Combined effects of cognitive impairment and pre-frailty on future frailty and death in older Mexican Americans

Brian Downer, Soham Al Snih, Bret T. Howrey, Mukaila A. Raji, Kyriakos S. Markides, Kenneth J. Ottenbacher

Research output: Contribution to journalArticlepeer-review

24 Scopus citations


Objectives: Impaired cognition and pre-frailty are associated with poor health outcomes. However, research has not examined the combined impact of cognitive impairment and pre-frailty on future frailty and mortality among older Mexican Americans. Methods: Data for this analysis came from the 2006–2007 and 2010–2011 waves of the Hispanic EPESE. The final sample included 639 Mexican Americans aged ≥77 years who were non-frail or pre-frail in 2006–2007. Frailty measure included weight loss, exhaustion, weakness, and slow walking speed. Participants were classified as non-frail (0 criteria) and pre-frail (1 criterion) at baseline. Cognitive impairment was defined as <21 points on the MMSE. At baseline, participants were grouped as: cognitively intact non-frail, cognitively intact pre-frail, cognitively impaired non-frail, and cognitively impaired pre-frail. Logistic and hazard regression models were used to evaluate the odds of being frail in 2010–2011 and risk for 10-year mortality. Results: Cognitively impaired pre-frail participants were more likely to become frail (OR = 4.82, 95% CI = 2.02–11.42) and deceased (HR = 1.99, 95% CI = 1.42–2.78). Cognitively impaired non-frail participants had significantly higher risk for mortality (HR = 1.55, 95% CI = 1.12–2.19) but not frailty (OR = 1.29, 95% CI = 0.50–3.11). Being cognitively intact and pre-frail at baseline was not significantly associated with being frail at follow-up (OR = 1.62, 95% CI = 0.83–3.19) or mortality (HR = 1.29, 95% CI = 0.97–1.71). Conclusions: Comorbid cognitive impairment and pre-frailty is associated with future frailty and mortality in older Mexican Americans. Screening for cognitive impairment may be effective for identifying pre-frail Mexican Americans who are at the highest risk of frailty and mortality.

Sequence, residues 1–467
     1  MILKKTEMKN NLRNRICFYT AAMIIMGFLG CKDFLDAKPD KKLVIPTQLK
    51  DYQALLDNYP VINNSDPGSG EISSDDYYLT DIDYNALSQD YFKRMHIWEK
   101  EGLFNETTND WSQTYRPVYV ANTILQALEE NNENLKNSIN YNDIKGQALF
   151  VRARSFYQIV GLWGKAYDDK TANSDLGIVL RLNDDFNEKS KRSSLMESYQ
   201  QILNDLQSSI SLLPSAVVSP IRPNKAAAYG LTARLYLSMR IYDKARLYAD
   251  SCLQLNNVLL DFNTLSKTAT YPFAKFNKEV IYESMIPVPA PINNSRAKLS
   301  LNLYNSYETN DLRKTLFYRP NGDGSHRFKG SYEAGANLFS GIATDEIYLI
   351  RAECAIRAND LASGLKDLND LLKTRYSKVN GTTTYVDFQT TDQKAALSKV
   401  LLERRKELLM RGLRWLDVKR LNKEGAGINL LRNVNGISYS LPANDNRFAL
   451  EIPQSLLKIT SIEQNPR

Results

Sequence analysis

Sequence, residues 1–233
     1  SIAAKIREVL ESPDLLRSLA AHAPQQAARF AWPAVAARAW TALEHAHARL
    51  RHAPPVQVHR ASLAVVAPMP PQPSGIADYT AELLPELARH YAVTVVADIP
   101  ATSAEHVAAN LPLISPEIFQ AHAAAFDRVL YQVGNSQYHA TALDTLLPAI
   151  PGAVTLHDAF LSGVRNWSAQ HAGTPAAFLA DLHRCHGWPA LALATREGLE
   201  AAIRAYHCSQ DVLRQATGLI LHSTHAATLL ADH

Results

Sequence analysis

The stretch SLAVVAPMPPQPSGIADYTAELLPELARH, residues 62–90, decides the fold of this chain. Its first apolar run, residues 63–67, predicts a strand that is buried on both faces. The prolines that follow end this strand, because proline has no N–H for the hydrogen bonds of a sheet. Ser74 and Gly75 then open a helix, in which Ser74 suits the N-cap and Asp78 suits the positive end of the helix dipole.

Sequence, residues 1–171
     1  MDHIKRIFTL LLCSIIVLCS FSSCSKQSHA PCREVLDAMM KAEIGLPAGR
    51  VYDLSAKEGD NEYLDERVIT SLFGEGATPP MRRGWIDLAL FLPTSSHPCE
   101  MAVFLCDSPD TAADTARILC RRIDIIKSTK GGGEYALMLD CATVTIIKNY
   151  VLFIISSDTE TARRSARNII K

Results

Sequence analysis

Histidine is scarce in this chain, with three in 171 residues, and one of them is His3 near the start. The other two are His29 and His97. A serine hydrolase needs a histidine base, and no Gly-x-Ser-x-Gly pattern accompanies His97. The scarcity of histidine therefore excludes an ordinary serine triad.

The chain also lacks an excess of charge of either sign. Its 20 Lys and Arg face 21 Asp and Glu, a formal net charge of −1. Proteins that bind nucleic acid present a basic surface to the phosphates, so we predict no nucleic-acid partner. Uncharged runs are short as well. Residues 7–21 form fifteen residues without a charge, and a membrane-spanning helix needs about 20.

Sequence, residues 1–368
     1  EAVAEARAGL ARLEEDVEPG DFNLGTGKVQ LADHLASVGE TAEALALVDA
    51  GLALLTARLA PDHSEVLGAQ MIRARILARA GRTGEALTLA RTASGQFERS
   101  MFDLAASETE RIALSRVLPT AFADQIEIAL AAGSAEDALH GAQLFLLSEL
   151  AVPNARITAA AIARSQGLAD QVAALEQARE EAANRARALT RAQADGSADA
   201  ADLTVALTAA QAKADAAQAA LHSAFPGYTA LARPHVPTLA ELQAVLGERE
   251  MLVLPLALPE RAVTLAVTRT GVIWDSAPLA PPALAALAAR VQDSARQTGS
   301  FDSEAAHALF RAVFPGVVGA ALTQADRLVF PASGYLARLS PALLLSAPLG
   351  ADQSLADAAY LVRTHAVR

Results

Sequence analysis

Original languageEnglish (US)
Pages (from-to)1405-1412
Number of pages8
JournalAging and Mental Health
Issue number10
StatePublished - 2019


  • Cognitive functioning
  • Hispanic aging
  • functional status

ASJC Scopus subject areas

  • Phychiatric Mental Health
  • Gerontology
  • Geriatrics and Gerontology
  • Psychiatry and Mental health


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